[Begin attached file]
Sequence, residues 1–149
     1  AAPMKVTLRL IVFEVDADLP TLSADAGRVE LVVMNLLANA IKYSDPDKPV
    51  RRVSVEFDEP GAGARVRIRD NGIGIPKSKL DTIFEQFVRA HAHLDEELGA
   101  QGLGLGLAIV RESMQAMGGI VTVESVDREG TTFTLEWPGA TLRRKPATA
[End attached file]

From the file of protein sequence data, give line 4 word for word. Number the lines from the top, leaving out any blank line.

   101  QGLGLGLAIV RESMQAMGGI VTVESVDREG TTFTLEWPGA TLRRKPATA